Ask the Staff
You advertise a "Woodworker's Dial Caliper."
What's the difference between a woodworker's dial caliper and any other dial caliper?
Dial calipers originated as measuring tools used by machinists and were primarily used in metalworking, where fractions of an inch are
typically expressed in thousandths of an inch. Their round scales were therefore graduated in
hundredths or thousandths of an inch.
Given that wood expands and contracts significantly due to changes in humidity, woodworkers aren't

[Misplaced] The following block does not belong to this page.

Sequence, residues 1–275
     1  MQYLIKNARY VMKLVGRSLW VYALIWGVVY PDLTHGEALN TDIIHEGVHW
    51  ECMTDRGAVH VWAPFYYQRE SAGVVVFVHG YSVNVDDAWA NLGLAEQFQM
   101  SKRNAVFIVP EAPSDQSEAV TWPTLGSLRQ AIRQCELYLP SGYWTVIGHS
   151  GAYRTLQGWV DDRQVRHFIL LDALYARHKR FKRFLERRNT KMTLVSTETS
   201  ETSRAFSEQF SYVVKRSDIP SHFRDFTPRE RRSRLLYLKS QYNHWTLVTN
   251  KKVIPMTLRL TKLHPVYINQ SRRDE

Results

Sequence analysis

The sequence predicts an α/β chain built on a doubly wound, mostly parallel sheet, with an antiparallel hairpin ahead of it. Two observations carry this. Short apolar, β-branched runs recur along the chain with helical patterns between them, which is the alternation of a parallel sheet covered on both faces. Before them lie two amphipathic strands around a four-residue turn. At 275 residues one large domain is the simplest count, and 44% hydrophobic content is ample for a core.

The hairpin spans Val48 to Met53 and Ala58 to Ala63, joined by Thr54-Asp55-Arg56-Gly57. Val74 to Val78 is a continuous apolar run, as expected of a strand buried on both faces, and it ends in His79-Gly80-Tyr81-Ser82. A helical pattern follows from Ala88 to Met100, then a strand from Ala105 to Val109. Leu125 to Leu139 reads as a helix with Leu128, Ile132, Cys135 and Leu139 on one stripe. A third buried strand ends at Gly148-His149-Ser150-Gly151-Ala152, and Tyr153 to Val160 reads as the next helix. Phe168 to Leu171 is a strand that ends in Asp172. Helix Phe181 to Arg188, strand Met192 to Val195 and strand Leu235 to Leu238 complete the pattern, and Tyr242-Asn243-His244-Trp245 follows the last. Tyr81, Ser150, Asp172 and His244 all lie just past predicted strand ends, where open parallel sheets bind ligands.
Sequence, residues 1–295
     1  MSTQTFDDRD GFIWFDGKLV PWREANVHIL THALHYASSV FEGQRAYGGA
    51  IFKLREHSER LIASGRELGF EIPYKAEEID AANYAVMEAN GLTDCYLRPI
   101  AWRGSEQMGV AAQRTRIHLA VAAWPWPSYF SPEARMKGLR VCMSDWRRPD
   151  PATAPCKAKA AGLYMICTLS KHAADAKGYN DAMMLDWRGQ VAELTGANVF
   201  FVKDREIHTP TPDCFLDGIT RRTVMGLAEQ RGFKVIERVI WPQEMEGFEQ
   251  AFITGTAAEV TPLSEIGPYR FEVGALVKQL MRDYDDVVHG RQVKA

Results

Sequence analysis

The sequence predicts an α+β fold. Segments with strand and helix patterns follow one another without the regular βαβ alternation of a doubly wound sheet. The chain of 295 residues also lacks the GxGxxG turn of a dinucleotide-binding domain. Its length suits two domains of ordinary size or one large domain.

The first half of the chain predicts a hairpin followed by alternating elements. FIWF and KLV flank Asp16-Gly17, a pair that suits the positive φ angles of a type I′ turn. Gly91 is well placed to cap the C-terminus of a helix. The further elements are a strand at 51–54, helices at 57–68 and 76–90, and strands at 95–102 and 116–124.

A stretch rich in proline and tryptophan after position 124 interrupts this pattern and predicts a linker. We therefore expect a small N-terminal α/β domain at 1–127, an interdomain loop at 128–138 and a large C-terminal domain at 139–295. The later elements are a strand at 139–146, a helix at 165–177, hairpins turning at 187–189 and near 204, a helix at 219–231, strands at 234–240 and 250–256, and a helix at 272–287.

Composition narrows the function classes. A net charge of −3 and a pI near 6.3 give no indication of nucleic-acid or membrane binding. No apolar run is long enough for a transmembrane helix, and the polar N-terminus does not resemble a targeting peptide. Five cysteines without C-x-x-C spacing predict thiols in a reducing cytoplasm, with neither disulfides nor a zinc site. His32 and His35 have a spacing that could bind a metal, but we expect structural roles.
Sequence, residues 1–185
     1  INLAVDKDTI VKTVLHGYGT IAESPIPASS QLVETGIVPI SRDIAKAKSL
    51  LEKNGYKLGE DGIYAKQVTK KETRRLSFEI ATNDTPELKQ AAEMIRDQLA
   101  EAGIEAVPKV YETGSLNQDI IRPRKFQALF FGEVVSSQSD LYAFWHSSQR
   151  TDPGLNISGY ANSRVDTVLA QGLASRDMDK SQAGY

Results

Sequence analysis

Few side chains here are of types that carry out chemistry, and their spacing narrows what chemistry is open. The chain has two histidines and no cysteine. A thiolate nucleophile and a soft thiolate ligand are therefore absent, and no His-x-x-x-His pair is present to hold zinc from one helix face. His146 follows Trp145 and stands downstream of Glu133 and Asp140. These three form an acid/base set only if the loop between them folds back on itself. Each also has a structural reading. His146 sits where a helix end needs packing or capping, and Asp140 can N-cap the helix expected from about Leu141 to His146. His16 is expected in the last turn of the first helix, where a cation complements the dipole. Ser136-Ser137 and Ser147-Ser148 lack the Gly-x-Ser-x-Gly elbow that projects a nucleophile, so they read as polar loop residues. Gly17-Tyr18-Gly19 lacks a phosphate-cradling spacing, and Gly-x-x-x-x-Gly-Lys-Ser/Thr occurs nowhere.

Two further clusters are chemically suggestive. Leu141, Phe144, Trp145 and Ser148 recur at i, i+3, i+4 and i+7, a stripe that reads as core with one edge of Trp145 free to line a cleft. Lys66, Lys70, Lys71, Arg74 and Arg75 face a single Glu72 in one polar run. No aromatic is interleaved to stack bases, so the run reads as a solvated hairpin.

generally concerned about thousandths of an inch. We think instead in much more civilized fractions
like halves, quarters, eighths, sixteenths and thirty-seconds of an inch (at least here in America
Highland introduced the
woodworkers dial caliper
to the American market a few years ago to address this
inconvenience. The scale on its dial is graduated in 64ths of an inch, and the common fractions that we
use like 1/16", 1/8", 3/16", etc. are clearly labeled.
The dial and its graduations are large enough
for you to easily distinguish dimensions as small as 1/128".